Many people do not realize that a basketball coach’s job does not end when the game does. After a game, there are statistics to analyze, performances to judge, and decisions to make. Learning how to analyze game statistics effectively and accurately to get the information you need is critical to your success as a coach and your team’s chances of achieving victory.
There are a number of different ways to analyze game statistics. Much thought has been given to getting the information you want with a minimum of time and effort. Learning how to scan a sheet of numbers and gain a perspective on how your team is performing is one of the greatest skills a coach can have because they can take that information and use it to determine what kind of drills to run and which players to concentrate on.
You should begin by deciding what you want to know. This seems obvious but it is not as obvious as you might think. For example, do you want to see how an individual player is performing compared to their own prior performance, or do you want to find out whether a specific player is more or less effective at specific skills than others on the team? In each case, different statistics will be necessary in order to get the information you need.
No doubt, your statistics analysis will only be as good as the quality of the information you have. If your statistics are incomplete or outdated, they will not be as effective as complete and recent game performance information. Remember that each time you are tempted not to record a piece of information, the likelihood of that coming back and interfering with your calculations will increase.
There are a number of different programs which allow you to create templates for you to record your statistics. A good spreadsheet program can allow you to choose which information you will include and can help perform calculations for you, which can be great if you are someone who is pressed for time or if you are more interested in a visual representation of what the numbers mean.
Remember that you must look at how points were scored and break them down into where the shots were taken from (for example the two or three point line, or the free throw area), and whether the shots were rebounded or not. If there were rebounds involved, you have to look at whether they were offensive or defensive.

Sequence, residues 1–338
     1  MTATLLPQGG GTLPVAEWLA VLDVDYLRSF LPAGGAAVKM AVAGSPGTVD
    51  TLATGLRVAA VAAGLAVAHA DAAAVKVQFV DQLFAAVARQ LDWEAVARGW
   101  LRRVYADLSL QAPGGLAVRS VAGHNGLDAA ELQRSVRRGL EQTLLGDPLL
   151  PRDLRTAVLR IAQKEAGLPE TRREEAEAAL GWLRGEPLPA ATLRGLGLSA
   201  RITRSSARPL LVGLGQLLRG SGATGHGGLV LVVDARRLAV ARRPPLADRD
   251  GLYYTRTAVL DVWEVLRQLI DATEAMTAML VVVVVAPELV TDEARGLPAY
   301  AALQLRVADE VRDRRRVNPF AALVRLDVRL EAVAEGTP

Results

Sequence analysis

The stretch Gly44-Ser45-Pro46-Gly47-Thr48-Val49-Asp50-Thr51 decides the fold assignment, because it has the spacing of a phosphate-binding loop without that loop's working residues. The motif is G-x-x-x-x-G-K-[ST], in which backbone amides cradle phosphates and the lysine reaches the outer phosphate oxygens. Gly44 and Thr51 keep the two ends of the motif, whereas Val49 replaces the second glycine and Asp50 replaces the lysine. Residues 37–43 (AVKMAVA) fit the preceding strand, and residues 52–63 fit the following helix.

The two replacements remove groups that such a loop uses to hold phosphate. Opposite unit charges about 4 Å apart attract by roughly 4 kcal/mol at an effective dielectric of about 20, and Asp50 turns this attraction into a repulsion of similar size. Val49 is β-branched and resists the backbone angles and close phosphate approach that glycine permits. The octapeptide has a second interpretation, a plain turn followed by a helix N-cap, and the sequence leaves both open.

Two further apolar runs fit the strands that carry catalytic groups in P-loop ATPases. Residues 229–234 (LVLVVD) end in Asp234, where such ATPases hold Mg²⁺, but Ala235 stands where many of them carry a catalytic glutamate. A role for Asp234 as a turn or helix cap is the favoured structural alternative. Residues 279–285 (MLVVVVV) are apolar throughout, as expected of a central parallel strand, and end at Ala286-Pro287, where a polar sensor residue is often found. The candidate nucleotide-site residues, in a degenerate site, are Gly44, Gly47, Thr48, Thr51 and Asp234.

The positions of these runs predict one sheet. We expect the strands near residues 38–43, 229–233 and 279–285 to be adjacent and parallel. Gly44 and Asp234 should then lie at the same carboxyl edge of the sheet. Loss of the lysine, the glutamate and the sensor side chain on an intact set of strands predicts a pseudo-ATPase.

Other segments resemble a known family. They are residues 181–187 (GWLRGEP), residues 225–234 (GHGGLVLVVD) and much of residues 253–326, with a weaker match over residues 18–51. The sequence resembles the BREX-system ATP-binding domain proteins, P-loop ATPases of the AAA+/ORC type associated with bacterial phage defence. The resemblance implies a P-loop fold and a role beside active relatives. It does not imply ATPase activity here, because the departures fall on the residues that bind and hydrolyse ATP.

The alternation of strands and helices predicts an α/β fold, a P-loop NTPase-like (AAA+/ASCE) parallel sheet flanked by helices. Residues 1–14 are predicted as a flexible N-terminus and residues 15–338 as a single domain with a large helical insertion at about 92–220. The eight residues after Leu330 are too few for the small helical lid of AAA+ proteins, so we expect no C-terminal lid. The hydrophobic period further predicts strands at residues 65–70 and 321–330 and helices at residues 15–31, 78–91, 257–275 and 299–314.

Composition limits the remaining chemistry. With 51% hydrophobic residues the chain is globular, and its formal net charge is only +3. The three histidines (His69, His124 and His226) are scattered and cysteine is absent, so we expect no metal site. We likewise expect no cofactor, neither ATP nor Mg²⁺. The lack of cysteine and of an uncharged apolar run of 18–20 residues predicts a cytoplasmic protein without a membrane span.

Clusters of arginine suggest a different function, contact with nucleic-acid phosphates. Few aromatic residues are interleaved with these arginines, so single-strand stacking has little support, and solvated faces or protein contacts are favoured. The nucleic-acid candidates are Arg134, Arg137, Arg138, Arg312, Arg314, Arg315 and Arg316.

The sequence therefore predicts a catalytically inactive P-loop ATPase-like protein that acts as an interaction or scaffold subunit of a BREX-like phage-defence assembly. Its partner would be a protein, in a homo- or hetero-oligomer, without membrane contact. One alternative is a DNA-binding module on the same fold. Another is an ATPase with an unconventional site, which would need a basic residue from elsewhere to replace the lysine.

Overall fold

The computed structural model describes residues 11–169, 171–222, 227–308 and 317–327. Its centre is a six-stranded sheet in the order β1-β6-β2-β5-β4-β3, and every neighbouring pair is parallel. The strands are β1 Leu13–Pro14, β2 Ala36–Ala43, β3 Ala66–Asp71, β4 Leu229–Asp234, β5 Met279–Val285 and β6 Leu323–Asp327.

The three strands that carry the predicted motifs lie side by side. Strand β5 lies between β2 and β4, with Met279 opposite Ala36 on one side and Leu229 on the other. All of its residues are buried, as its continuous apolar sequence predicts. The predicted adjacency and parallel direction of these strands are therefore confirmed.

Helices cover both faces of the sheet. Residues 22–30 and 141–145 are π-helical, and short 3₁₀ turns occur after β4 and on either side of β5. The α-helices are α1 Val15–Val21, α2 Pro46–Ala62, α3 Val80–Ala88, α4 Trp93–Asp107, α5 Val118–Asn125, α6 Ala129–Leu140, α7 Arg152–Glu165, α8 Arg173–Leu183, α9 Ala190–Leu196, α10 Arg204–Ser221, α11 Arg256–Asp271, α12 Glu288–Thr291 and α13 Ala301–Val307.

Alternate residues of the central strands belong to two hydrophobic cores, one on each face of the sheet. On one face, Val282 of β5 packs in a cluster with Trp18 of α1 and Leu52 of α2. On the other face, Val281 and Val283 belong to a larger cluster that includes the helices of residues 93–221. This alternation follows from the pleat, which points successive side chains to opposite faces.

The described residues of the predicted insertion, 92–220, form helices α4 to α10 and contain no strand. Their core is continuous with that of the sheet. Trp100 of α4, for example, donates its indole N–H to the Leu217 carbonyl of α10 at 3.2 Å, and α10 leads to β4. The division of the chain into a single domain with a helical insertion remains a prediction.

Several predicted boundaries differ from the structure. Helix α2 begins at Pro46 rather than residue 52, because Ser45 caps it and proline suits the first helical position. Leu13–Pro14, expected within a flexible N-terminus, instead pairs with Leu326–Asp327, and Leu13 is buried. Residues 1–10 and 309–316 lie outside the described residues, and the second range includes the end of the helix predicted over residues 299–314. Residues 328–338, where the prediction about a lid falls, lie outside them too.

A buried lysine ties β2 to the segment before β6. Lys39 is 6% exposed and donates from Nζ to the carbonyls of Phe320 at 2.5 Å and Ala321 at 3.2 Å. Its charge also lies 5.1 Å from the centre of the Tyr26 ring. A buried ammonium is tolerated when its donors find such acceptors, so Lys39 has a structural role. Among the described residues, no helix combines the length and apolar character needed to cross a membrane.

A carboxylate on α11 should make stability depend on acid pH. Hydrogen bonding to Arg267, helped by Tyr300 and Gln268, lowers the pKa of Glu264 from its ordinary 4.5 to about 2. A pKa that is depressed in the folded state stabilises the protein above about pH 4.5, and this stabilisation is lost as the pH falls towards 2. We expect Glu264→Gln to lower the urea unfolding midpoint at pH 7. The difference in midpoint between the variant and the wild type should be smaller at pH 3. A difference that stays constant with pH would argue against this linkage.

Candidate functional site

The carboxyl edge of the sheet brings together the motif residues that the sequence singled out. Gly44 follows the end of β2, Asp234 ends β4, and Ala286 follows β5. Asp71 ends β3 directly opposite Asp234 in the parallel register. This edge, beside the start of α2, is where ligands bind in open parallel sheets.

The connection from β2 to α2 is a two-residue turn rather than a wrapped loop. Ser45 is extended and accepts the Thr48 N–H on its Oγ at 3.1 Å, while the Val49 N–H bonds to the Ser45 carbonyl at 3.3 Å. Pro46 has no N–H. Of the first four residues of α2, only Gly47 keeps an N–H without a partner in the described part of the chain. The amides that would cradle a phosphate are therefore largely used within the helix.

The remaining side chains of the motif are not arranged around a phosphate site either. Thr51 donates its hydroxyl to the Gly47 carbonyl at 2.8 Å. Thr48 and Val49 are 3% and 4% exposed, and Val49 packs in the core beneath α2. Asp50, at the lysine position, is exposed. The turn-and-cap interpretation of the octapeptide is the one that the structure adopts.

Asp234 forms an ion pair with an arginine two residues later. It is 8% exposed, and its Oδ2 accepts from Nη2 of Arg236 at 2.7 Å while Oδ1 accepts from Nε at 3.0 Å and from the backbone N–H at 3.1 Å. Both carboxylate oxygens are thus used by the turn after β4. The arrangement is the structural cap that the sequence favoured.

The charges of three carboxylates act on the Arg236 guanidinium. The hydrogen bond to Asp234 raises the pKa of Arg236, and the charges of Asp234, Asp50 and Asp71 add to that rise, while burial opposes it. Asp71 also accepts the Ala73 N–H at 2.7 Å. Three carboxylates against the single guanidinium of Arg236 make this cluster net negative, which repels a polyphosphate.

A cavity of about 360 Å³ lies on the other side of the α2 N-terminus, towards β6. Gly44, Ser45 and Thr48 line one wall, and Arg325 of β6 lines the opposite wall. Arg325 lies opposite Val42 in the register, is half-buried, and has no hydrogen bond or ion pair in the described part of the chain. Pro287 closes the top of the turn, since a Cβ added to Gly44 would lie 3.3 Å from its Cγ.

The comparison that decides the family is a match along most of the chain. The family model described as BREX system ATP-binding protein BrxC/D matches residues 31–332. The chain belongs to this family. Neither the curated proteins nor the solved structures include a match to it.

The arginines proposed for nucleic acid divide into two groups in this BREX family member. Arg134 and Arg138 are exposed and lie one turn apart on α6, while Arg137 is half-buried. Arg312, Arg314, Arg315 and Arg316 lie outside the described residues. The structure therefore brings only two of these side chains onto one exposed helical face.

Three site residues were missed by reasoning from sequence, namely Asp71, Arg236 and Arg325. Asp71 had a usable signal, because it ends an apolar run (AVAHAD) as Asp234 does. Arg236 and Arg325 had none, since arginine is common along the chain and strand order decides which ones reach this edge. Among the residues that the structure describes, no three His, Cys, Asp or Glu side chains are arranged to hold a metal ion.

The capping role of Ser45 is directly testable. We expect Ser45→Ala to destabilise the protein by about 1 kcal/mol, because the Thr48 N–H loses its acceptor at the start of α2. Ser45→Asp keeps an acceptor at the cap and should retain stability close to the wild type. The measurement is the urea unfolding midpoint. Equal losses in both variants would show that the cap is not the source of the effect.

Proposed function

Each individual skill should have its own place in the records which will give you your statistics. It is not enough to break information down into baskets, passes and other generalized skills. You need to ensure that the player’s statistics are complete enough to paint a full picture of that person and what they are capable of doing. When that happens, you can relax, knowing that the information will be there for you when you require it.
Keep in mind that statistics can help you analyze performance across seasons rather than across games. If you are coaching a player for more than one year, comparing their skills analysis is important because you will be able to see how they have grown and changed over time. It is up to you how in depth you want to be with keeping statistics but it can help make your job as coach much easier than you might ever think possible.
Picture credit: ishane • Creative Commons Attribution
If you want a convenient method to view both basic and advanced statistics, take a look at CREZ. Just score a game or enter a box score and CREZ does the rest of the work automatically.
CREZ displays multi-game box scores by player and by 5-player line-ups. Other advanced statistics include ratings (as per Dean Oliver, author of Basketball on Paper), tempo free statistics (based on no. of possessions), stats normalized per game, and defensive statistics. All these stats are available at your fingertips.
For example, if you want to know how many offensive rebounds a 5-player lineup is giving up, CREZ gives this to you instantly.